In the first few moments of the first episode of Glee’s final season, we see Rachel standing on the Paramount lot, forlornly watching as the sets of her canceled TV series are taken down and broken up into scrap lumber. It’s a tiny bit much (I don’t think it’s possible to underscore a scene with Alanis Morissette’s “Uninvited” without coming off as heavy-handed), but the message is really clear: Everything ends, including and especially television shows, and soon Glee will, too.
But judging by last night’s two strong episodes, Glee might just manage to go out with a bang. Look, I know that at this point, having written about the show for three seasons and having fallen in and out of love with it over and over, I’m pretty much the girl who cried wolf when it comes to announcing that Glee is BACK. But trust me when I say that last night’s episode was funny, smart, extremely meta, and genuinely touching at times (if unfortunately preoccupied with fat-shaming jokes).
In a nutshell: Kurt and Blaine have broken up; Blaine has returned to Lima, taken over the Warblers, and begun dating Dave Karofsky; and Rachel’s TV pilot crashed and burned, leaving her to pick up the pieces of her own life and reboot the New Directions, which Sue (now terribly evil again after briefly dabbling in niceness) destroyed. There are plenty of over-the-top moments — was it completely necessary for Rachel to sing “Let It Go” while Sue froze in an igloo or for the New Directions to perform a partially animated version of “Take On Me” in the style of the video? No, of course not, but the former is the perfect song for Rachel to close an episode and bring down the house with, and the latter is just really freaking fun, if potentially confusing to Glee fans under 30. It’s joyful, something Glee struggled to be at times in season five.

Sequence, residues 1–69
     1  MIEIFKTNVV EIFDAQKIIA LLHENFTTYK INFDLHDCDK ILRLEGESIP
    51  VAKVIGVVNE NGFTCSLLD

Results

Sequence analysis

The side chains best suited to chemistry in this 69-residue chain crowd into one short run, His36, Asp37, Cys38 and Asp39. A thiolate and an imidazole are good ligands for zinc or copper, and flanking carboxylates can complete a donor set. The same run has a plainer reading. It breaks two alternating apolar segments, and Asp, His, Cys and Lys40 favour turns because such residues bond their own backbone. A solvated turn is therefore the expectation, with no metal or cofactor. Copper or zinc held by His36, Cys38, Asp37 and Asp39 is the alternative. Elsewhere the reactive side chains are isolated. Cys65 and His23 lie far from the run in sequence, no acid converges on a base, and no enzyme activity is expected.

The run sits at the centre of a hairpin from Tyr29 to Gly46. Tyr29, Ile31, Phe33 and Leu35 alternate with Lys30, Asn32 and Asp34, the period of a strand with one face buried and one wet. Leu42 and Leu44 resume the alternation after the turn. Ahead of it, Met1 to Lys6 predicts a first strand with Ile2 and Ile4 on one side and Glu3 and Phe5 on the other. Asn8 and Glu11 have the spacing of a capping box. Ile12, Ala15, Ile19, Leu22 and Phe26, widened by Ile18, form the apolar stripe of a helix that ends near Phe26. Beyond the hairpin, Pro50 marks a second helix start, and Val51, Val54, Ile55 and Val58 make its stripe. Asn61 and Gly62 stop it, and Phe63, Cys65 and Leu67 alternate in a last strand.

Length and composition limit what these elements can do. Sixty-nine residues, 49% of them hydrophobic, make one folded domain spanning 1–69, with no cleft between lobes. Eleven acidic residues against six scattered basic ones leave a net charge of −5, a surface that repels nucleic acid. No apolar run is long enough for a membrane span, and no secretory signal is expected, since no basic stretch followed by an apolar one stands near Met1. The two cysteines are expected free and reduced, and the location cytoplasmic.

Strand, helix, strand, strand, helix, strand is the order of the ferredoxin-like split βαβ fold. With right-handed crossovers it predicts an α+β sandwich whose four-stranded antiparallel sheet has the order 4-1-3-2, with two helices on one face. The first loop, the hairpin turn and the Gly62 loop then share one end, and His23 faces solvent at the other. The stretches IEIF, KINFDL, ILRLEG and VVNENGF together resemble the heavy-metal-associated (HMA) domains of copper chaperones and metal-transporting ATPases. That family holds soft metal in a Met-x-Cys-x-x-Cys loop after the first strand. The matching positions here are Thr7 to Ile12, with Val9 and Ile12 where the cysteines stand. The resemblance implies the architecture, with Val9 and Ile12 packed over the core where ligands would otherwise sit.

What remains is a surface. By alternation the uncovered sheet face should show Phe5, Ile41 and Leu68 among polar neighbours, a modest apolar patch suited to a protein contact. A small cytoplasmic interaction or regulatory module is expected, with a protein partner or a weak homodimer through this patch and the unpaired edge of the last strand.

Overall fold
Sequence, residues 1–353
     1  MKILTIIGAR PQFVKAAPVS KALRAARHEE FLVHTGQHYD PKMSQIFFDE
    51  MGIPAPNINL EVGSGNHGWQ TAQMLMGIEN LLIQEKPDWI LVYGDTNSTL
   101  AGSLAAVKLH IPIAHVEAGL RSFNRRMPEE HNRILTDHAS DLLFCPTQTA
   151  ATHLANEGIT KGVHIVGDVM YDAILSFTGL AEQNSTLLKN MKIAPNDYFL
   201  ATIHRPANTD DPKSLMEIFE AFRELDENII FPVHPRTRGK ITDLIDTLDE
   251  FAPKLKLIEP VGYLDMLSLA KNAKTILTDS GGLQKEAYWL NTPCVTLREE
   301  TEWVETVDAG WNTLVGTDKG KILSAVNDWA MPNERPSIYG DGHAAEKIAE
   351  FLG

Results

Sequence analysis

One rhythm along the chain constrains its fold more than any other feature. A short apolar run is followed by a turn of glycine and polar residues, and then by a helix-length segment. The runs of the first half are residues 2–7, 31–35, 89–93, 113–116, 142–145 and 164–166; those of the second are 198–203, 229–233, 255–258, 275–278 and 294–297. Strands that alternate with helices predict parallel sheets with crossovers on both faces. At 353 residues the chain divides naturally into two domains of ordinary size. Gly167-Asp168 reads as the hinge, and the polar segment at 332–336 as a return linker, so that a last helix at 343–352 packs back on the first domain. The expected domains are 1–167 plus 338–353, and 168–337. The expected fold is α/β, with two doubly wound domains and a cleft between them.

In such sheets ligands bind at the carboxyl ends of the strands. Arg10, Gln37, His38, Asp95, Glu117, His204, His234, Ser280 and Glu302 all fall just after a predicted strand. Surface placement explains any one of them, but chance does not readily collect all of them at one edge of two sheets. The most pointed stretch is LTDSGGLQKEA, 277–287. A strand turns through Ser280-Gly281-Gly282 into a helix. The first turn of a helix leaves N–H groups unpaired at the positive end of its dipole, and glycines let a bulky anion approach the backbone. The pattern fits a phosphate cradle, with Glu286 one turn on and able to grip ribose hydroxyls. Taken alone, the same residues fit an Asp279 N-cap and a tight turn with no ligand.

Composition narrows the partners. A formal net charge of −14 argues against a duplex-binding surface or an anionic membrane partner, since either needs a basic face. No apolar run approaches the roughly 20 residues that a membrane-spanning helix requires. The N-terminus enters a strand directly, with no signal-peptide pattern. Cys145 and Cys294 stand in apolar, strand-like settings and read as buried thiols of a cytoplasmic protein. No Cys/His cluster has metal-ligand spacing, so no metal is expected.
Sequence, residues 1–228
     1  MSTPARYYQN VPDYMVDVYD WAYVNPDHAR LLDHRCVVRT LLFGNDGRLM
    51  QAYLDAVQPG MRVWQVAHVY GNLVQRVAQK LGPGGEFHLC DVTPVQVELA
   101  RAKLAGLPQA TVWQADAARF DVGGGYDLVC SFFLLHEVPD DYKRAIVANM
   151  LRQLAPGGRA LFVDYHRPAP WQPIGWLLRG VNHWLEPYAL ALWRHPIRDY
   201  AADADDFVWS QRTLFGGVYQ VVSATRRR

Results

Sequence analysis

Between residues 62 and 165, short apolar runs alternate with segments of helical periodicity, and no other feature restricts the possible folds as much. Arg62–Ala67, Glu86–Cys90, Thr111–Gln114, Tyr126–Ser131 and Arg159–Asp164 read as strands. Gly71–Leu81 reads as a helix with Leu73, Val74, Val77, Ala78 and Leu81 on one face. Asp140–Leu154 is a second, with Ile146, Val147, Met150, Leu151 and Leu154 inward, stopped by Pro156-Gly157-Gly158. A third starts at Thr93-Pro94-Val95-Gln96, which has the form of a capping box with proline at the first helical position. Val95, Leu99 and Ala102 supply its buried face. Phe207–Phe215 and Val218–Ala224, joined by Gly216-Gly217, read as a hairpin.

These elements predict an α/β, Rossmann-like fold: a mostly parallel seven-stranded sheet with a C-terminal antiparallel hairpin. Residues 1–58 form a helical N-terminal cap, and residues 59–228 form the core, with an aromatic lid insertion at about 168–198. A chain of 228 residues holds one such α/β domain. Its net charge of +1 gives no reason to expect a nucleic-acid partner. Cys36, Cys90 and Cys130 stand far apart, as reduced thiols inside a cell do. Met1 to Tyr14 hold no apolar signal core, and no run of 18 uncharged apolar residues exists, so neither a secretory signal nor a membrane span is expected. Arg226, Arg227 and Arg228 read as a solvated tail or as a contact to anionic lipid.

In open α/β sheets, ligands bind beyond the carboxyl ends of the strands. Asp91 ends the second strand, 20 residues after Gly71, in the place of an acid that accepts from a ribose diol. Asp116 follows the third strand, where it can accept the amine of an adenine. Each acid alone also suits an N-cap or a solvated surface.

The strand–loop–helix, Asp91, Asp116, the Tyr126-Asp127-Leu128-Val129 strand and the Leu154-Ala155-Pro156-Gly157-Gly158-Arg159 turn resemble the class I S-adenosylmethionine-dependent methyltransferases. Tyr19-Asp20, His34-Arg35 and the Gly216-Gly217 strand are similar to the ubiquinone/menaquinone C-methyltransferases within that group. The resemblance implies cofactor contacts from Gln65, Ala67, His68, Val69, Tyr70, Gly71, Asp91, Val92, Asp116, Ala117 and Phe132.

The New Directions alumni are all grown up and struggling with adult problems that they’re not necessarily equipped to solve. Kurt and Blaine fought bitterly and then split, but rather than sing about it, they both went to therapy. (It’s weird to say because Darren Criss is only a couple of years younger than I am, but they both seem like such adults, breaking up in that restaurant as the rain came down.) Rachel’s show got canceled, but rather than blustering about how she’s misunderstood, she took the hit, let it soak in, and realized she’s going to have to change if she wants to get her career back — not just wait for someone to come along and realize she’s a star. And all of them realize that they can’t go to Mr. Schue for help anymore — Rachel point-blank tells him she’s way beyond the point of a pep talk about believing in herself. Also, in a disturbing turn of events, Mr. Schue’s baby seems to be his only friend, and I can’t tell if that’s an upgrade or a downgrade from when his only friends were teenagers. Also, he’s taken over Vocal Adrenaline, and his first order of business was apparently to saddle them with poor choreography and mope because none of them wanted to talk about their feelings.
It’s shocking to see Dave Karofsky as Blaine’s new boyfriend, and it’s supposed to be. I spent years harping on Glee for abandoning Karofsky’s story after his suicide attempt, although I definitely didn’t envision him coming back like this. Still, I’m glad to see Karofsky happy and confident and alive, even though I’d like to add “and out of Ohio” to that list. It is a bit of a stretch to see Blaine with the man who’d so fiercely bullied Kurt, but Blaine has always been the sort of person who sees the best in others. And all of us, if we’re lucky, come to a point in life where we’re not defined by the shitty stuff we did as teenagers. Accountable for, yes. Held back by, no. Karofsky inflicted a tremendous amount of pain on others, but he experienced plenty himself. He can’t atone forever, and he shouldn’t have to.